But, the threat of fire became much more prevalent. Embers from the smokestack could land in the cargo. If this wasn’t discovered in time, the ship could catch fire and burn to the water line. Boilers, too, were new technology. They were known to explode on occasion, ripping the ship apart.
As boilers became safer and more reliable, shipbuilders also turned to iron and steel. It was strong, rigid, and could better withstand the elements. These early metals were not entirely understood by shipbuilders of the time. Some ships cracked and split along seams when caught in rough seas. Also, propeller shafts passed through the hull. When one broke and fell to the bottom, the lake water would come pouring into the ship.
Too much traffic
There were hundreds of ships plying the waters of the Great Lakes during the 1800s. Radar, which is common on even small pleasure craft today, wasn’t even being thought about yet. Radio, too, was brand new. Most information travelled by mail or along telegraph lines. With so many ships going to and fro, there were bound to be accidents.
There wasn’t much ability to predict the weather. Sailors would learn to read the skies and feel the winds, but that was often a very inaccurate guess of what was to come. If rough weather was coming in, or already upon a ship, they would often try to head for shelter. On northern Lake Michigan, the east side of the Manitou Islands was a popular place to ride out storms. But, it could be dangerous to get there if the ship was already caught in bad weather.
The waters on the open lakes were the most dangerous. Shipping lanes developed that followed the coastlines, about 10 miles offshore. Today, those lanes are split into upbound and downbound. Depending on which way the ship is headed, they are expected to be on a particular side of the shipping lane. Unfortunately, this law wasn’t put into place until the early 1900s.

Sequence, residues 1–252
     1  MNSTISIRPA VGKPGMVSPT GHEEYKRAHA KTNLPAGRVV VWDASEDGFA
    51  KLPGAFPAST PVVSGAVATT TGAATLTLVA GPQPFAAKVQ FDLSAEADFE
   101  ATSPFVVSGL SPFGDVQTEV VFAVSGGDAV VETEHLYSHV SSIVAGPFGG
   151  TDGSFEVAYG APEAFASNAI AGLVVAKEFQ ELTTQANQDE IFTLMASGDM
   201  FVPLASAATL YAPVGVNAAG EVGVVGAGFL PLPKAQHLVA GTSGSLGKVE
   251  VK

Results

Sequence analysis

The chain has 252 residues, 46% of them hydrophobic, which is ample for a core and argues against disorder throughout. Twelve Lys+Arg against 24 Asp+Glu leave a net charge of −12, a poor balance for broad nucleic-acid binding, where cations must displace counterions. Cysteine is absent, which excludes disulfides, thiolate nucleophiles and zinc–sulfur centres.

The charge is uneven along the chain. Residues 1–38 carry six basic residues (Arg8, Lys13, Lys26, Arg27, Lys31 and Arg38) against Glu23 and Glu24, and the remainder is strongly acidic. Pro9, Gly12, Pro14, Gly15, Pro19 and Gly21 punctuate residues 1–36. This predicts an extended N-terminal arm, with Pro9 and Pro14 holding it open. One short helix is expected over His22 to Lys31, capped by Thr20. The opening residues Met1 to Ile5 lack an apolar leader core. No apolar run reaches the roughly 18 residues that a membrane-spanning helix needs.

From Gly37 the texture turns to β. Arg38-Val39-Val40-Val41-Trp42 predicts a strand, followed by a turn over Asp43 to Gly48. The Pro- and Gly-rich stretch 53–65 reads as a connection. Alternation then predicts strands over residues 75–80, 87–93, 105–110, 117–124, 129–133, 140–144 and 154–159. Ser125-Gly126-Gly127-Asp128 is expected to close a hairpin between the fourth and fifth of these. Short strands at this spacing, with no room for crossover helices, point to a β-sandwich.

Ships would hug the shoreline and when visibility got bad, they could collide. Sailing through the pitch darkness of a stormy night increased the likelihood of a collision considerably. These incidents weren’t always head-on. At times, faster-moving ships would run over slower-moving ones in bad conditions, too.
Captains also had a choice. They could profit and time first, and sail directly to their chosen ports. Chicago and Milwaukee were common destinations. However, if a storm or a mechanical issue were to strike mid-lake, away from the shipping lanes, saving the ship and rescuing the crew was not likely.
It is a lot safer today
Shipwrecks are incredibly rare today. One of the last to happen in Lake Michigan was the Fransisco Morazan. She ran aground off S. Manitou Island in 1960. Once stranded, the waves have battered and broke her. Today, a lot of her superstructure is still above the water. In fact, from Sleeping Bear overlook, a person with keen eyes (and binoculars) can still see the shipwreck.
Time and technology have moved on, and shipping has become a lot safer on Lake Michigan. Ships today are purpose-built to handle the rigors of bad weather and high seas on the Great Lakes. Radar, weather forecasting, GPS, and radio all had a profound impact on safety as well.
Yet, the lakes are not to be underestimated and they are not tamed. Shipping companies take the threat of disaster seriously. They work hard to protect their employees and their investments. There are still plenty of shipwrecks in Lake Michigan to find, no one is looking to add any more.